Although many different non-compatible videodiscs have been demonstrated, as outlined previously ("Looking Ahead," Videodisc boxscore, November 1978) the multiplicity of these systems may evaporate or dwindle as manufacturers face reality. The optical system, which basically was a compromise between similar Philips and MCA systems, is already being produced by Magnavox (videodisc players) and MCA Disco-Vision(videodisc records) in the United States. In Japan, the joint Japanese-American company, Universal Pioneer, plans to start player production this year.
So the optical system is the one manufacturers wish to stop, if they want to field simpler nonlaser players. Nonlaser systems have been demonstrated by RCA, Matsushita, JVC, Toshiba and Telefunken - the latter now being on limited sale in both Europe and Japan in a 10-minute-per-disc version. The RCA and JVC, versions are capacitance systems. Matsushita and Telefunken are classified as mechanical system. Except for RCA and Toshiba, which are compatible, the systems have little in common except that they're nonoptical. They all use grooved discs (except for JVC) and spin at 450, 900 or 1800 rpm. Even the center-hole diameters are different.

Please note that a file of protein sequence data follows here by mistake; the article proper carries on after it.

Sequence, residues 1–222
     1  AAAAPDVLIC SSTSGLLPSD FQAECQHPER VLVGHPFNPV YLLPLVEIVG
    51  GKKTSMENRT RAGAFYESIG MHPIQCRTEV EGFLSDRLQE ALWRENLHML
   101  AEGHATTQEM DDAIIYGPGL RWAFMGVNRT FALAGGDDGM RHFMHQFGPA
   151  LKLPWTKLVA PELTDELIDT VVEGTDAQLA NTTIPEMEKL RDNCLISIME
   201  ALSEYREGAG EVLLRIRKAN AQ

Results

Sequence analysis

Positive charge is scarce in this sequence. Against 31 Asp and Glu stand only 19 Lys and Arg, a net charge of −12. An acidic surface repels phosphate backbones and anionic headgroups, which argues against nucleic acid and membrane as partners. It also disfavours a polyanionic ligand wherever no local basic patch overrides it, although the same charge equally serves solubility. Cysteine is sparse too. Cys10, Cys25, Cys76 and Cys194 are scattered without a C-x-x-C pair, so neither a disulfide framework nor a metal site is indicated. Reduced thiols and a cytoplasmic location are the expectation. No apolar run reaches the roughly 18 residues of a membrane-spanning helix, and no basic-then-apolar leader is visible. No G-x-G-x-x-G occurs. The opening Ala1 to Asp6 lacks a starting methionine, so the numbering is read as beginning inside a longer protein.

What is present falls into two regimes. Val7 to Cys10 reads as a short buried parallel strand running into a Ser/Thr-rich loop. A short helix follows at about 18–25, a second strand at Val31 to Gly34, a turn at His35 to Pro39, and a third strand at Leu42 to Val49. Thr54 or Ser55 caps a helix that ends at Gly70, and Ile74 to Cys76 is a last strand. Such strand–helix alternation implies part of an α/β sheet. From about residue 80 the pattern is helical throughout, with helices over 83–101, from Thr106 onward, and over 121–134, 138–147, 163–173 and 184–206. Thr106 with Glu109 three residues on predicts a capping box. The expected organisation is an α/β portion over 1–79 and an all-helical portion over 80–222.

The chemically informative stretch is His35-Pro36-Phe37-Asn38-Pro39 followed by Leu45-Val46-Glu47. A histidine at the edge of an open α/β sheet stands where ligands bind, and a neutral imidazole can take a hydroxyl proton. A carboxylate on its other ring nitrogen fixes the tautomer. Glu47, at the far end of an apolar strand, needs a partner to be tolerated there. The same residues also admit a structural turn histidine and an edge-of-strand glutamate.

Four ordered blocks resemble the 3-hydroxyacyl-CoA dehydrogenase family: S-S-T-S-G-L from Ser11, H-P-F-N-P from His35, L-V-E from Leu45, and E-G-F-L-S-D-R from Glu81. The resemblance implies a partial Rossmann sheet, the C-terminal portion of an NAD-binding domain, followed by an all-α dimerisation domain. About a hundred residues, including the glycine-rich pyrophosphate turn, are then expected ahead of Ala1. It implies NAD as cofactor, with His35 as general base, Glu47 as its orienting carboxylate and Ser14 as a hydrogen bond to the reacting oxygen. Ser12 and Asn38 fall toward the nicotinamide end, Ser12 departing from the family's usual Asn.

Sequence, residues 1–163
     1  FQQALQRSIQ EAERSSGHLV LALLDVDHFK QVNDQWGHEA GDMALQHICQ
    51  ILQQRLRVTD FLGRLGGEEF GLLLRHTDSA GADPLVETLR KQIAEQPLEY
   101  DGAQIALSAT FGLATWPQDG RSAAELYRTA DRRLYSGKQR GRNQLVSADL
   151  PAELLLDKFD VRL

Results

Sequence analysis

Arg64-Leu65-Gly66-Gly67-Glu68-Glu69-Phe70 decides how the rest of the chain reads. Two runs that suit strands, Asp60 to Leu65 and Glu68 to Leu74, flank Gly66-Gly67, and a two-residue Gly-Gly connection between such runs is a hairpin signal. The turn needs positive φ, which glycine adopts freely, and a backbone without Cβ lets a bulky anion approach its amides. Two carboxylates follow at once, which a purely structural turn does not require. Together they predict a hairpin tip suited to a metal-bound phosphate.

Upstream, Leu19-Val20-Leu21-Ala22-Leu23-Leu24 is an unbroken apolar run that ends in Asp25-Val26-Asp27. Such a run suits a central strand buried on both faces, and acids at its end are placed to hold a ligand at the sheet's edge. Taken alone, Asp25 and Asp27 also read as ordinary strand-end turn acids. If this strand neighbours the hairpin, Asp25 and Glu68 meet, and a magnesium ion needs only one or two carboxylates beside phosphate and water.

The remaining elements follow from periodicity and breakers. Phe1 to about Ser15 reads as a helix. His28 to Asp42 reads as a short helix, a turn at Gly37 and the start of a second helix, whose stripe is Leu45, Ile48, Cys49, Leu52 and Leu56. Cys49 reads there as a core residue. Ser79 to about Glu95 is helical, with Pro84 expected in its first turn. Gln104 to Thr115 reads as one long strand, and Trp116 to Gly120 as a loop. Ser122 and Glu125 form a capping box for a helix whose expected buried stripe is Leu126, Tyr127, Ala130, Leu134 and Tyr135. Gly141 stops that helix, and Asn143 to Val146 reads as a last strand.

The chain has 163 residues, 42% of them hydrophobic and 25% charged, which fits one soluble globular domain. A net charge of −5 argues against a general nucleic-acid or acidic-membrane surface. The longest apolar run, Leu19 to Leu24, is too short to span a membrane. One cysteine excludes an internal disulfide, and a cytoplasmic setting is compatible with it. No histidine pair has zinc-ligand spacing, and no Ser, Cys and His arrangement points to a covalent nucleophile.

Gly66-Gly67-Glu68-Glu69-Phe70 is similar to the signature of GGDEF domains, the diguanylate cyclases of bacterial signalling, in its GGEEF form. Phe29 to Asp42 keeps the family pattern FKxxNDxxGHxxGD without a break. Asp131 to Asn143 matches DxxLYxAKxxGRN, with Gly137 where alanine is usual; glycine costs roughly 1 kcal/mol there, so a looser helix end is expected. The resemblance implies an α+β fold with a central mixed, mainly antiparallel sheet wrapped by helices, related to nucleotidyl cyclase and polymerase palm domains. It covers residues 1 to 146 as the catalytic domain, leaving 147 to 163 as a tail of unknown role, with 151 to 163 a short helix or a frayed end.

Although it's not official yet, there's strong evidence to suggest an effort will be made to bring all these systems into compatibility before commercializing them. The resulting system - if there is one - is expected to have some features of the optical version, such as being able to provide slow and fast motion but to potentially less expensive in terms of players and perhaps discs. The result could be a sort of "stop-Philips" effort; in event optical vs. nonoptical systems. Although this situation isn't ideal, two "standards" are preferable to five or six.